Secrets in the Cellar

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Josef Fritzl was a 73-year-old retired engineer in Austria. He seemed to be living a normal life with his wife, Rosemarie, and their family—though one daughter, Elisabeth, had decades earlier been “lost” to a religious cult. Throughout the years, three of Elisabeth’s children mysteriously appeared on the Fritzls’ doorstep; Josef and Rosemarie raised them as their own. But only Josef knew the truth about Elisabeth’s disappearance…

For twenty-seven years, Josef had imprisoned and molested Elisabeth in his man-made basement dungeon, complete with sound-proof paneling and code-protected electric locks. There, she would eventually give birth to a total of seven of Josef’s children. One died in infancy—and the other three were raised alongside Elisabeth, never to see the light of day.

Then, in 2008, one of Elisabeth’s children became seriously ill, and was taken to the hospital. It was the first time the nineteen-year-old girl had ever gone outside—and soon, the truth about her background, her family’s captivity, and Josef’s unspeakable crimes would come to light.

Customer Reviews:

  • Josef Fritz is profoundly evil!
    Josef Fritz is profoundly evil! The writer presents this horrific case in a must read manner because it is beyond the scope of understanding. John Glatt understands that people are horrified but they want to try to understand what happened as well. He provides a "unique perspective" on this bewildering story. This book is gripping and his nuanced and skilled writing really brings this terrible story to life and helps you understand not just the practical detail but the human suffering that Elizabeth and her children have endured. ...more info
    On the morning of August 28, 1984, in the small market town of Amstetten, Austria, eighteen year old Elisabeth Fritzl, at the request of her then forty-nine year old father, Josef, accompanied him to the cellar of their house, ostensibly to assist him in some mundane chore. Little did she know that she would not see the light of day again for nearly twenty-four years.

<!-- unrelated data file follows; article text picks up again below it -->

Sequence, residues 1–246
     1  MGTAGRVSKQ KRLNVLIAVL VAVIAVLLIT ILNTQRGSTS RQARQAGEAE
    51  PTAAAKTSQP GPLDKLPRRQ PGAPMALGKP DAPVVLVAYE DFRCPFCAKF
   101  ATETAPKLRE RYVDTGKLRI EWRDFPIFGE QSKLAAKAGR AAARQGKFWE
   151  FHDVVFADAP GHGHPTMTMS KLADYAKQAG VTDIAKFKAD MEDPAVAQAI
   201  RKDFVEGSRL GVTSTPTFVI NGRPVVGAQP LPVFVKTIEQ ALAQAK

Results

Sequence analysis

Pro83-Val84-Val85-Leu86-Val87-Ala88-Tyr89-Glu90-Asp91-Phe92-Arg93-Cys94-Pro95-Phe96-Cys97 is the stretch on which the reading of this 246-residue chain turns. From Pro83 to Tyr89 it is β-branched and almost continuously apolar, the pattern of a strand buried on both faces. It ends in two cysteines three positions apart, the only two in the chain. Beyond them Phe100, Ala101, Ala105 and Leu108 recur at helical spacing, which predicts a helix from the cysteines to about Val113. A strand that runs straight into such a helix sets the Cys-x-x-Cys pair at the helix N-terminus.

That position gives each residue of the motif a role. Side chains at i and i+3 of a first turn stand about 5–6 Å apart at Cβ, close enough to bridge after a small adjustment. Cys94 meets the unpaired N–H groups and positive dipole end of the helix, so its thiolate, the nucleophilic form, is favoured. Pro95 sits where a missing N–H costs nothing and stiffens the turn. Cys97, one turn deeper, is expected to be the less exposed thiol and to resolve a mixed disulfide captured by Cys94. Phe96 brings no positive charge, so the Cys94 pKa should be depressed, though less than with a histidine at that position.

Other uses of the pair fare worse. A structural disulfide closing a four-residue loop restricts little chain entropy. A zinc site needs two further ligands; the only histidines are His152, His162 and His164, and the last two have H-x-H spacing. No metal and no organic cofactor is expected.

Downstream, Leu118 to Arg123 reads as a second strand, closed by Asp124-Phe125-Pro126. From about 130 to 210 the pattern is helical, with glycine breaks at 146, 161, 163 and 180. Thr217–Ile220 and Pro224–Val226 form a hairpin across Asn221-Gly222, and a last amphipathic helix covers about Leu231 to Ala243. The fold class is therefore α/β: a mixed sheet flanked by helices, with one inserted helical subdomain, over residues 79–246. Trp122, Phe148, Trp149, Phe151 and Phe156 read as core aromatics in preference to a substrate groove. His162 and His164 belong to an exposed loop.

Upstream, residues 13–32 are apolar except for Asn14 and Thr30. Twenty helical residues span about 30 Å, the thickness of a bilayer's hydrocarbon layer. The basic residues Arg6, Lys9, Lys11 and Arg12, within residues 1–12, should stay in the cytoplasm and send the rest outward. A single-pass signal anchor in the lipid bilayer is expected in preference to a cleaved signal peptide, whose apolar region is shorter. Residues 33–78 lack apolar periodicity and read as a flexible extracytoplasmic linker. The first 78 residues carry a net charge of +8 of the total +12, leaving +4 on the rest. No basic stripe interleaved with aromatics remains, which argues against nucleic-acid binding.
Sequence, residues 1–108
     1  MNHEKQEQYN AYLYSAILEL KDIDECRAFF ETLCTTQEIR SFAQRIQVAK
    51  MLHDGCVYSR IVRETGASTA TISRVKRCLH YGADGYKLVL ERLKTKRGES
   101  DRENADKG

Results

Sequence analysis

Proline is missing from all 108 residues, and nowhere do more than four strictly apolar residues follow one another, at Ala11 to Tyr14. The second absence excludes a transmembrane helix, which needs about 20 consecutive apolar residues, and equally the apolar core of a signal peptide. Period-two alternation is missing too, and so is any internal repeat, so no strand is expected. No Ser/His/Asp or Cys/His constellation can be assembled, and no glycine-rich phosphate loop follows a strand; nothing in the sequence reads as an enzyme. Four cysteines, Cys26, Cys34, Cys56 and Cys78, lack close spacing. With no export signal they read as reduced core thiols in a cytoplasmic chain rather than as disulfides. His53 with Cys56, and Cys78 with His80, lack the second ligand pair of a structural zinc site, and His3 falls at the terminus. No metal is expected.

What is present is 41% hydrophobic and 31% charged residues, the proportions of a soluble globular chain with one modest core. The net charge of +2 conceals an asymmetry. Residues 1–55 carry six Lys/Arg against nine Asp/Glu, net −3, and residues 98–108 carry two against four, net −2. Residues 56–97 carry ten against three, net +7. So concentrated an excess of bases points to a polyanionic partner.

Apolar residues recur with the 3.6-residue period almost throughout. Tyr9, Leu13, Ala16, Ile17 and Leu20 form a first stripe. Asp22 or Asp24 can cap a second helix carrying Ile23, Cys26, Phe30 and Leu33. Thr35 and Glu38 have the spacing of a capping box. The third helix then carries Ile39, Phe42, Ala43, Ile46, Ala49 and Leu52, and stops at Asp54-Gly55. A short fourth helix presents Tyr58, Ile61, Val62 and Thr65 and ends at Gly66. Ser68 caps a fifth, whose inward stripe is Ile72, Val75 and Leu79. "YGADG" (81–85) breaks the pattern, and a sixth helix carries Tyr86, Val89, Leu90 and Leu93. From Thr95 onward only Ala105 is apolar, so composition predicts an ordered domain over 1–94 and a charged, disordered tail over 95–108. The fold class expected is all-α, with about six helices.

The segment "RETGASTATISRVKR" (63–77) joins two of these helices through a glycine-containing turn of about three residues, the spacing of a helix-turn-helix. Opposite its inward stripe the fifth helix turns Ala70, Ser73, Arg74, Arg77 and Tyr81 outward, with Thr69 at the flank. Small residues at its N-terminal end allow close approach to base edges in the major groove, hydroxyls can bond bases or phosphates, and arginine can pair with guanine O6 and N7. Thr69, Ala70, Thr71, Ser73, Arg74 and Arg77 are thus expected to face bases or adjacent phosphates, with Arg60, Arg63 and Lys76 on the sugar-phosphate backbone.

This is the story that gripped the world when it first came to light. It was a story as bizarre as it was unbelievable. Josef Fritzl had kept his beautiful daughter Elisabeth trapped in a soundproofed concrete and steel reinforced cellar for twenty-four years. During that time, he made her into his sex slave and fathered seven children with her. Meanwhile, Elisabeth's mother, Rosemarie, lived upstairs with her husband, having been led to believe that her daughter had runaway to live with a religious cult, never knowing that Elisabeth still lived at home, albeit in the cellar.

    Over time, three of Elisabeth's children would appear in infancy on the Fritzls' doorstep, ostensibly having been abandoned by Elisabeth, who was supposedly still living in a religious cult. These three children would be brought up by Rosemarie and Josef, while three others continued living in the cellar, a fourth having died shortly after birth. The three children living upstairs had no memory of their brief life below in the cellar.

    In April 2008, Elisabeth's nineteen year old daughter, Kerstin, became so ill that she was close to death and taken to the hospital, after Elisabeth pleaded with Josef to save her life. This was the first time that Kerstin had ever left the cellar in her entire life. It was shortly thereafter that Elisabeth and her family were freed, and the truth that shocked the world came to light, resulting in the arrest of the now seventy-three year old Josef Fritzl.

    The book explores the lives of those involved in this shocking story, as well as the events that led to Elisabeth's eventual imprisonment in the cellar, the lives that were lived below ground, and the aftermath with its many problems and issues. While this book is not well written, the story is so unusual and shocking that the reader cannot help but be gripped by its inherent pathos and horror. There is certainly a place in hell for Josef Fritzl. ...more info
  • Disturbing
    What can one say about this true story, except that it probably surpasses horror movies. This read was so disturbing on so many levels. That being said, I got through the book in one sitting. ...more info
  • What a monster...
    How anyone can plan and carry out the things this man did without anyone knowing is shocking! This book is written very well and keeps you interested through the whole book, I finished it in two sessions only because I had to sleep. I also loaned the book to two co-workers who thought it was very good. We actually read it at the perfect time, Mr. Fritzl was sentenced just the other day!...more info
  • Monsters Are Real
    My wife read this book and then asked me to read it. I had heard of this case on the news, in newspapers, and the internet, but I just did not fathom the cruelty and evil Josef Fritzl displayed to his family. As a father, I cannot imagine what possesses a person to so thoroughly plan out and perform such despicable deeds as imprisoning, raping, torturing and siring children with your own daughter for over 27 years!

    This book will read fast due to its compelling reporting of this tragic story. When I finished it, I couldn't believe all of the disturbing incidents I had read.